Jesus showed this facet of His Father as Jehovah Jireh when He provided for the multitudes by the multiplication of loaves and fish (Matthew 14:15-21, Matthew 15:32-38). Jesus also declared, “I am the bread of life. Whoever comes to me will never go hungry and whoever believes in me will never be thirsty (John 6:35).
4) El Roi: The God Who Sees Me (Genesis 16:13-14)
The story of Hagar is a poignant one. Sarai offers her maid Hagar to Abraham when she is unable to conceive a child. After Hagar conceives, Sarai becomes jealous, and deals so harshly with her that Hagar runs away into the wilderness. In the midst of her despair, the angel of the Lord finds her and comforts her. So Hagar declares the Lord as ‘El Roi’ because He saw her plight when no one else did.
Like His Father, we see Jesus too is the God Who Sees, when He provides solace to many people whom no one else gave a second thought to. He saw the man at the pool of Bethesda, who had been lying paralysed for 38 years with no one to help him, and healed him ( John 5:1-16). Jesus saw the despair of the widow at Nain, who was going to bury her only son, and raised him up and restored him to her (Luke 7:11-17). He saw the heart of Zacchaeus, who had climbed up a tree to catch a glimpse of Jesus and forever changed his life with grace by calling him by his name and going to his house to stay(Luke 19:1-10). Nathaniel believed Jesus to be the son of God and became a follower when he realised that Jesus had seen him under the fig tree before Philip called him. (John 1:43-51).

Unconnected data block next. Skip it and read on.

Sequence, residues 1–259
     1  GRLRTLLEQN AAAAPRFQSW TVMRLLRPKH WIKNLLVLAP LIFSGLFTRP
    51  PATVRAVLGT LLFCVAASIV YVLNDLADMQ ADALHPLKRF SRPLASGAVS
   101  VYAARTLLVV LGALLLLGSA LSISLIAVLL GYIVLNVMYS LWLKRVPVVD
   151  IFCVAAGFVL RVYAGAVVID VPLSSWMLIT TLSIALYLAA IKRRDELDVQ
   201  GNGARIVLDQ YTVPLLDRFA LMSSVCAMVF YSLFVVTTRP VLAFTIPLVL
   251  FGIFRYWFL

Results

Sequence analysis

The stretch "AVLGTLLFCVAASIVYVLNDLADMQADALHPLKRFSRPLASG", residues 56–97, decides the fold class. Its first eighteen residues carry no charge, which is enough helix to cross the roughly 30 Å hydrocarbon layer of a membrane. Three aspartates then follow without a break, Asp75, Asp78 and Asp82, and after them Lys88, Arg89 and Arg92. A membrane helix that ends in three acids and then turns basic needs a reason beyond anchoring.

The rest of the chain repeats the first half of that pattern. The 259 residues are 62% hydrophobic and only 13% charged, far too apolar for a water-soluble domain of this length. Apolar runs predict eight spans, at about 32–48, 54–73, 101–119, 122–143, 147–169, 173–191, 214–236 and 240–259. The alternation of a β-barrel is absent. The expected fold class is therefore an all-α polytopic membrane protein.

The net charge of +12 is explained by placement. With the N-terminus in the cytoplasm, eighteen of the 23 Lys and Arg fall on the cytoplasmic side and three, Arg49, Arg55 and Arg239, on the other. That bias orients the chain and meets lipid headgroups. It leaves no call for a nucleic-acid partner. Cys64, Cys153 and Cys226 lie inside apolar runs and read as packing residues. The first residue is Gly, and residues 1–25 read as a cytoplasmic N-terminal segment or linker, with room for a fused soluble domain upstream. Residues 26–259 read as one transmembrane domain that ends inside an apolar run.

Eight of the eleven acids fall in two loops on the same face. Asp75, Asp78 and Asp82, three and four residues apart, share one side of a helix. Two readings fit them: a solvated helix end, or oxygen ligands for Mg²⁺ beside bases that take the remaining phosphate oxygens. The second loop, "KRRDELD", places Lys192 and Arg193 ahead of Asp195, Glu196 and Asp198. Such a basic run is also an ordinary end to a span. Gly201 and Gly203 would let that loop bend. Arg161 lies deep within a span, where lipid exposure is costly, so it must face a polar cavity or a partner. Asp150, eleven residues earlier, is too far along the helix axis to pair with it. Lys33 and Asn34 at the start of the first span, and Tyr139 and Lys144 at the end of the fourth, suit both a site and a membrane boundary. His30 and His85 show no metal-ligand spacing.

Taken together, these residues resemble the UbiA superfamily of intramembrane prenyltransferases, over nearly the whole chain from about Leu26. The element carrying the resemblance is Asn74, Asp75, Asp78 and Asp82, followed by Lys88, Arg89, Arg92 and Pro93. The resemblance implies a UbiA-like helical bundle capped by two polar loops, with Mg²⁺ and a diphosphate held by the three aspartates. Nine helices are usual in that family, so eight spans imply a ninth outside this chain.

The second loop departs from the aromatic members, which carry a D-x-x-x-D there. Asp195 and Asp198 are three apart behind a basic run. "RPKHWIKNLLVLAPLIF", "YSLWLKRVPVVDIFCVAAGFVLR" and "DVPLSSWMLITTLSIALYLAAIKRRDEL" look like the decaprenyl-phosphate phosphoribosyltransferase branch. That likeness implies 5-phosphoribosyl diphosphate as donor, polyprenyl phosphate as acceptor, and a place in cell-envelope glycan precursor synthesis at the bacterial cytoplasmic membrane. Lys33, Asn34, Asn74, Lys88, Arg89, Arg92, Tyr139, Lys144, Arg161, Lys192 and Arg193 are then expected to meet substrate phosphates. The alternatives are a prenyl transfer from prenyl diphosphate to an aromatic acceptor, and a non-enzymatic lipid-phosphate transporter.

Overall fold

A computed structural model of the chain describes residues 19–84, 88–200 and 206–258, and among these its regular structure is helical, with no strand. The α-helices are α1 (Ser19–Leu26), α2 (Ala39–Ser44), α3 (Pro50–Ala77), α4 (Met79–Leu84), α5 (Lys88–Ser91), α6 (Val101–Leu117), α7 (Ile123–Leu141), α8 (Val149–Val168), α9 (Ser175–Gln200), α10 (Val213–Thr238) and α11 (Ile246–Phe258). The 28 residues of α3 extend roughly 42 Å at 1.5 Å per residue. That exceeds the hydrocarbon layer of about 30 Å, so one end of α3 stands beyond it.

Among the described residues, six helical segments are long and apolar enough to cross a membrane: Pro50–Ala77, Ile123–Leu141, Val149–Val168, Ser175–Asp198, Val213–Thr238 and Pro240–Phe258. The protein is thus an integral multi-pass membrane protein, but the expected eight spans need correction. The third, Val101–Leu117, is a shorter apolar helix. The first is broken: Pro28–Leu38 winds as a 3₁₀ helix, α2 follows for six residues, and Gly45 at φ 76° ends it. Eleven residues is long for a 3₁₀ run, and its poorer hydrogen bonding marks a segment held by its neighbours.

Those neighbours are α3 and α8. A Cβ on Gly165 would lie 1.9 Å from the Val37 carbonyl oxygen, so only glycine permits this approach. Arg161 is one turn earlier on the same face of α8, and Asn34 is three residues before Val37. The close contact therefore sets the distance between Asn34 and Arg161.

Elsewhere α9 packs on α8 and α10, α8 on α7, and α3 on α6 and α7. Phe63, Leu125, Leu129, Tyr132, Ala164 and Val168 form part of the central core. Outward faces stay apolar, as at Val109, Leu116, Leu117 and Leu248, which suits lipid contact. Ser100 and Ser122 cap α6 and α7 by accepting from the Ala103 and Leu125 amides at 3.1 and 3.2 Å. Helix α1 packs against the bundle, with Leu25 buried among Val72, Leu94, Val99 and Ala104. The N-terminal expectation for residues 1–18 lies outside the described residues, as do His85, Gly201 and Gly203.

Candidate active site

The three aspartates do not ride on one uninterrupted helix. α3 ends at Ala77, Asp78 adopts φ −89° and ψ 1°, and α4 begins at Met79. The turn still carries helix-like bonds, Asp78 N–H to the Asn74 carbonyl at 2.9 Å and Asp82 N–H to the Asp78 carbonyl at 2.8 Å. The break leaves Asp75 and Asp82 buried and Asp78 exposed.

5) Immanuel: God with us (Isaiah 7:14, Mathew 1:23)
Throughout the old Testament, we see God constantly reassuring His people that He is always with them. He speaks to the Israelites through Moses just before Moses is to die, saying “It is the Lord your God who goes with you, He will not fail you or forsake you. Do not fear or be dismayed”( Deut 31:6-8). In the book of Joshua, we see God reassuring Joshua again with these words – “Be strong and courageous. Do not be frightened or dismayed, for your Lord your God is with you wherever you go” (Joshua 1:9).
The name “Immanuel” appears in Isaiah 7:14, as a sign from God to king Ahaz, and is interpreted in the Gospel of Mathew as the prophecy of the birth of Jesus, the promised Messiah. In the gospels we see that Jesus fulfilled this prophecy and was indeed a God who is with His people. He is with the sick providing healing, with the hungry providing food, with the sinners providing forgiveness and reconciliation. He is still with us today in the abiding presence of the Holy Spirit.